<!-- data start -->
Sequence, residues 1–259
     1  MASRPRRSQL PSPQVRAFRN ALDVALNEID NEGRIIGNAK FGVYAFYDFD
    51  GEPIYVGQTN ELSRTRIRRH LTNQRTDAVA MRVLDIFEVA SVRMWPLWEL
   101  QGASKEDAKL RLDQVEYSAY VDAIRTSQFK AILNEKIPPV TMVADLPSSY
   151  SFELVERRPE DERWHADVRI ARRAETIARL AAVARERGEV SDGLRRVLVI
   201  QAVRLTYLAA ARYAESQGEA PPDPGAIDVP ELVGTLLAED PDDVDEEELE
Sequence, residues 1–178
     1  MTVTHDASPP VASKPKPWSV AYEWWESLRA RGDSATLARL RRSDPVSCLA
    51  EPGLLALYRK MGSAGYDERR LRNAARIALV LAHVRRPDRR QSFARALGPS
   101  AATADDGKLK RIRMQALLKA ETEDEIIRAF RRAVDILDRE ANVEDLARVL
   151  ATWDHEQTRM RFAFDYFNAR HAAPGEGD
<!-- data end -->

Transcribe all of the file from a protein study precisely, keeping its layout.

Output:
Sequence, residues 1–259
     1  MASRPRRSQL PSPQVRAFRN ALDVALNEID NEGRIIGNAK FGVYAFYDFD
    51  GEPIYVGQTN ELSRTRIRRH LTNQRTDAVA MRVLDIFEVA SVRMWPLWEL
   101  QGASKEDAKL RLDQVEYSAY VDAIRTSQFK AILNEKIPPV TMVADLPSSY
   151  SFELVERRPE DERWHADVRI ARRAETIARL AAVARERGEV SDGLRRVLVI
   201  QAVRLTYLAA ARYAESQGEA PPDPGAIDVP ELVGTLLAED PDDVDEEELE
Sequence, residues 1–178
     1  MTVTHDASPP VASKPKPWSV AYEWWESLRA RGDSATLARL RRSDPVSCLA
    51  EPGLLALYRK MGSAGYDERR LRNAARIALV LAHVRRPDRR QSFARALGPS
   101  AATADDGKLK RIRMQALLKA ETEDEIIRAF RRAVDILDRE ANVEDLARVL
   151  ATWDHEQTRM RFAFDYFNAR HAAPGEGD